More Evidence that the ICC and Peace in Darfur Don’t Mix

by Julian Ku

The Institute for War and Peace Reporting notes that there is an emerging political consensus against supporting ICC efforts in Darfur.

Escalating violence in Darfur and efforts by the international community to restore peace has dominated the news headlines this month.

Particularly prominent has been coverage of the first visit by the new UN secretary-general to the region and his thoughts on peacekeeping, political solutions and humanitarian aid. Noticeably absent, however, from Ban Ki-moon’s statements on Darfur has been any mention of the International Criminal Court, ICC, and the two arrest warrants it issued earlier this year for a Sudanese rebel leader and a government minister.

And it’s not just the secretary-general staying silent on the subject of the ICC, which also has outstanding warrants for Ugandan rebel leaders. In a recent editorial in Britain’s Times newspaper, UK prime minister Gordon Brown and France’s president Nicholas Sarkozy insisted governments must apply pressure over Darfur but said nothing at all about the court.

“There has been a quiet calculation by the likes of Ban Ki-moon, by the British, by the French, that we can’t have both, the deployment of the force and the extradition of the men under indictment. The two are mutually exclusive,” said Eric Reeves, an American academic and expert on Darfur.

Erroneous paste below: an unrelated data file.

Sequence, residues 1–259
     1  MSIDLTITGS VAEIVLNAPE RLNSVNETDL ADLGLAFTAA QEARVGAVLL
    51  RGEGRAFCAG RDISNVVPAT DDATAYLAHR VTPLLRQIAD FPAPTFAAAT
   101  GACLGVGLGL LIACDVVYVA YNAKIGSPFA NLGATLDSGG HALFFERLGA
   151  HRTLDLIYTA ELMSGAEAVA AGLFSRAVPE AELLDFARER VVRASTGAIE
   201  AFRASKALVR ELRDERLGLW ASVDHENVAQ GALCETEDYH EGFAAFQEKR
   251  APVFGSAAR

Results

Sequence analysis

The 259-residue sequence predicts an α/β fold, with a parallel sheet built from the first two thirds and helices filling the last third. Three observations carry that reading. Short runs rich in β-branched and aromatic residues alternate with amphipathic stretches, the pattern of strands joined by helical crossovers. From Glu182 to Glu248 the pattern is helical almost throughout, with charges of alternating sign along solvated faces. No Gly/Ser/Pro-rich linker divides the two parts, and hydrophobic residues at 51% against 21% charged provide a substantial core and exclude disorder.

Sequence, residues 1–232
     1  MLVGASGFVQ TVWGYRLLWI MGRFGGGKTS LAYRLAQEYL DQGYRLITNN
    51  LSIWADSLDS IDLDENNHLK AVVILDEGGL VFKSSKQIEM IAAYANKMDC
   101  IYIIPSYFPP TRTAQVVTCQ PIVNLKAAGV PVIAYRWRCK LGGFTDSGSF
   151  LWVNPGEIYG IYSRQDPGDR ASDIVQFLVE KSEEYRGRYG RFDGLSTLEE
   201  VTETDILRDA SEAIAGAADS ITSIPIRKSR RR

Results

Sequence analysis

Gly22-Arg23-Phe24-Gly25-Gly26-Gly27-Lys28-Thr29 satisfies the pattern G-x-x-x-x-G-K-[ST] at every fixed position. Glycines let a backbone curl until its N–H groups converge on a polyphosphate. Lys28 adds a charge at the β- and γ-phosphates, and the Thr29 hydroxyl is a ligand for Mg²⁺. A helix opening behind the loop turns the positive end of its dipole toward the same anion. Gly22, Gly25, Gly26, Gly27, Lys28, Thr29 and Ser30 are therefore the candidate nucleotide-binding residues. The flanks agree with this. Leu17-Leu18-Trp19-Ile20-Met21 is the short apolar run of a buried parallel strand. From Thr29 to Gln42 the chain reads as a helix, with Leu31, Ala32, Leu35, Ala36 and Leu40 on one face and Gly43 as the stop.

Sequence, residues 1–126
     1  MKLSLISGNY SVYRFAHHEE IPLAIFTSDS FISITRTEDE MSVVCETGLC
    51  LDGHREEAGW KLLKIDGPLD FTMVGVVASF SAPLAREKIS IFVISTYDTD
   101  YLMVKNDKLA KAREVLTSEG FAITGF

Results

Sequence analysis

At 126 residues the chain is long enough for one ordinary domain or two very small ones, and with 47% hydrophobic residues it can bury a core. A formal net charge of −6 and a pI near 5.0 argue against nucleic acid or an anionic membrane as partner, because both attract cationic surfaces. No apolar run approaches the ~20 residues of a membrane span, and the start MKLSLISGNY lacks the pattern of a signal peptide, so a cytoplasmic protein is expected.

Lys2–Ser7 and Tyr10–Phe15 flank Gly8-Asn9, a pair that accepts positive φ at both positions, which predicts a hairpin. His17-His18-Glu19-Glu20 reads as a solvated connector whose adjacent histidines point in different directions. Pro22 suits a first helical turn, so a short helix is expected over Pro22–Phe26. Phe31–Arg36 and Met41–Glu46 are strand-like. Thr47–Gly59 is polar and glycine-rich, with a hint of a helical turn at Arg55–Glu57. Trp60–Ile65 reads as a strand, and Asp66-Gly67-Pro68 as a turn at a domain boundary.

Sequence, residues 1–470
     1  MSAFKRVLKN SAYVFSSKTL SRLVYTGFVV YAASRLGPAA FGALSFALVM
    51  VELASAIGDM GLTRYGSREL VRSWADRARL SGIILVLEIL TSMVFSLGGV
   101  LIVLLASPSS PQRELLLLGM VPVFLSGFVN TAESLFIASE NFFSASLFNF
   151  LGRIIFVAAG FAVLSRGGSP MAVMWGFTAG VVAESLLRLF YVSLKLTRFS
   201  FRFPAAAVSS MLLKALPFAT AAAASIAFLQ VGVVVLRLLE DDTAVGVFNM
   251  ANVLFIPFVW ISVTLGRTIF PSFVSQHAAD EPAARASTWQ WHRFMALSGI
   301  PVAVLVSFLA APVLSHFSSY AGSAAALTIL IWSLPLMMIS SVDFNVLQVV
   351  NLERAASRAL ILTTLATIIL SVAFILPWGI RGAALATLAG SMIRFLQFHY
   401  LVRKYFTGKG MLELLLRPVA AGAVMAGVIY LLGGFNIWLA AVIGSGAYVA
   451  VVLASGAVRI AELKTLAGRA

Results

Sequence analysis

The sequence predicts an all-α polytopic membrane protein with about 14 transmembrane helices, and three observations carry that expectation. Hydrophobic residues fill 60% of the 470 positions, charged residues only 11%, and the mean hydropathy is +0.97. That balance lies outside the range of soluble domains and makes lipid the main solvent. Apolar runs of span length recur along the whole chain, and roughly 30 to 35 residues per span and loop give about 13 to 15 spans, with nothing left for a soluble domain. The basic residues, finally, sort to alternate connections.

3 Responses

  1. I am sorry but I read the piece very differently. Moreno-Campo has his work cut out for him as a new institution and it does come down to political will of states to help – as it does inside every country (see segregation in the south). If the French people get behind this, Sarkozy will move. As to the arrest warrants, reminds me of the international community as regards what happened in Rwanda or Cambodia – at some point it becomes important enough to do more. If one thinks that the people who did these things will magically change if you get rid of the arrest warrants, I have a bridge in Brooklyn for you. This is just an effort at intimidation taking the local people hostage. I would think it would encourage us to have more resolve not less with the likes of the Darfur folks and the others. We can write our leaders to encourage them to insist more is done also. We know the addresses at, and



  2. My… what a terribly precedent this, if one need only step up the violence to make the courts back down.

  3. I think these anecdotal pieces of evidence rather than providing evidence that the ICC and peace does not mix – show the disconnect in strategies between all of the international actors. On one side you have individual states pursuing aims which they have set themselves – often without discussion with their allies. On the another side, the UN trying to mediate and put forward a collectivist view. On the third the ICC and its desire to show its value. All these seperate parties acting independently of one another are confusing the situation and making “peace” even more elusive than were they to act together. It is, at least, clear in my mind that the state parties (and in this case) especially EU member states should come together to formulate a single agenda that they should take to the UN. The UN should then, in consultation with ICC make clear its strategy and policy goal to ICC so at least it can appear that all of them are working in concert. That this has not happened yet, does not mean that it should not happen as soon as humanly possible.

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